Oh well.. in the end i guess it boils down to what u wanna shoot, the functionality you require from your equipment, and hopefully, not the fact of being "seen" with the latest and biggest dslrs at CS outings/Peninsular plaza.
Eh.... if you consider a capacitor a battery, yes, it has a battery.Originally Posted by denizenx
sama samaOriginally Posted by Adam Goi
simple, i don't wanna spend 5K+ and few yrs afterwards, left me 500 bucks only.
2ndly, i do agree that slides can provide a better solution. you can have rap, ra, rvp and so many different kinds of slides film and everyone of these has its own character .
seldom do i be very keen to view the photos taken, i am not a reporter anyway. one roll of slides may reside in my camera for more than 2mths
i am not an artist. i am not going to store my photos for 5000yrs. i shoot for fun
OTHERS - hassle of getting dust onto the sensor.
Why do I not want a dSLR?
at 1st glance - too heavy to lug around, inconvenient for most outings
at 2nd glance - if lug around everywhere like i do with my P&S camera, worry a lot if damage it
at 3rd glance - if dSLR are damn cheap (like can use and dont mind replce every month) then i think i dont mind using a dSLR coz i wont worry about damaging it, and also no worry about dust or sensor issues, no worry about throwing it here and there (coz cheap) and so wont worry to carry it here and there, even on mountain biking and jungle trekking.
so the answer is - not worth the money wasted on repair, maintenance and replacement for a casual photographer like me.
NOTE: besides, my monitor can only display so much colours and bits, same for my photo printer... so the extra bits and pixels dont really carry much weight to constitute a move to the dSLR now...
Because everybody has not got one mah.Originally Posted by ckiang
I dowan a DSLR coz I am sure the day will come where we can get a pocket digital camera with full frame sensor at the cheaper price than the cheapest DSLR today.
if $$ no prob.. i
will not have 2nd thoughts about bringing a dslr to
say mt. ophir...
or to to any rough environment..
if not to camps i also have no 2nd thoughts if lens wet or sand in sensor..
or to say kayaking expeidition when we beach up i could take it out of a zip lock bag..
and happily snap away without worrying if later when i hit back to the sea if 3 zip locks is enought to protect it if i capsize..
$$ is my main issue I'm using a film for now to leanr the full feel of an SLR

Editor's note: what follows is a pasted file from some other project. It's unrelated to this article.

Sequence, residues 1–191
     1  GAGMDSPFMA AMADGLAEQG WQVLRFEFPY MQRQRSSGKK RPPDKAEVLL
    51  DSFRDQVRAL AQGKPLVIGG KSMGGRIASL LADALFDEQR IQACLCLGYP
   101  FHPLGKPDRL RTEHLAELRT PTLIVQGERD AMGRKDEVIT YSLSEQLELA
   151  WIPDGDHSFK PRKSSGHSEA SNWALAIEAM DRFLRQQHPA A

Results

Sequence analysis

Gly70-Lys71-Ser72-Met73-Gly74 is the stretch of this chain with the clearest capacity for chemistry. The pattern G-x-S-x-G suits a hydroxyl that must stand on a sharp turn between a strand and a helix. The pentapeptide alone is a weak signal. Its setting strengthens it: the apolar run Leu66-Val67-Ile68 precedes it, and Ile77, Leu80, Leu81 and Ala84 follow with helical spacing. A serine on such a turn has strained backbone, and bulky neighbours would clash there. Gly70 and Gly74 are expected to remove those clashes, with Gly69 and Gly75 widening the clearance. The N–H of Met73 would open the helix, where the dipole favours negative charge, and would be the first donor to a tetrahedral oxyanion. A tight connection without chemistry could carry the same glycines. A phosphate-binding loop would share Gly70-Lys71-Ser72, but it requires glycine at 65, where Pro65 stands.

i still think money is the problem...
Nice article to share about probable life of slide film: http://www.ephotozine.com/articles/v...icle.cfm?id=77
why? Because for the non-fulltime photogs, it has become a trend.
I hate trends.
Originally Posted by ricohflex
Film deteriorates with age. You try developing a 20 year old roll of film.
Your argument for implying that the Singapore Archives store on microfilm and tape because of the relative durability of archival compared to modern digital formats is flawed. Could it not be due to the cost of converting their archives? Again, if CD is kept in optimal conditions (clean, RH% and temperature), who is to say it does not last as long as microfilm? And if a part of DVD or CD disc is damaged, the data from other parts can be recovered, just that DVD/CD store a greater amount of information per unit area compared to film/tape, so a 50cent coin area of damage destroys more data for the DVD/CD compared to film/tape.
There are no manufacturers who sell their product on material and production cost alone, not even pirate companies. R&D is an often undervalued part of the cost of bringing a product to fruition from a customer's point of view. Customers feel shortchanged when manufacturers try to pass the cost of R&D to customers. If you can make a camera out of $50 worth of raw materials (magnesium, sand for silicon and glass, petroleum crude for plastics etc), then go ahead and do it. Else I won't mind paying my share of R&D funds to keep the technology improving. What I object to paying for is the share of overly high marketing costs, from the overpriced ads, to the hiring of scantily clad girls to give out glossy flyers, and the executives' overly high salaries. I don't mind paying my share for the salaries of the research engineers, technicians, designers, chemists and mathematicians.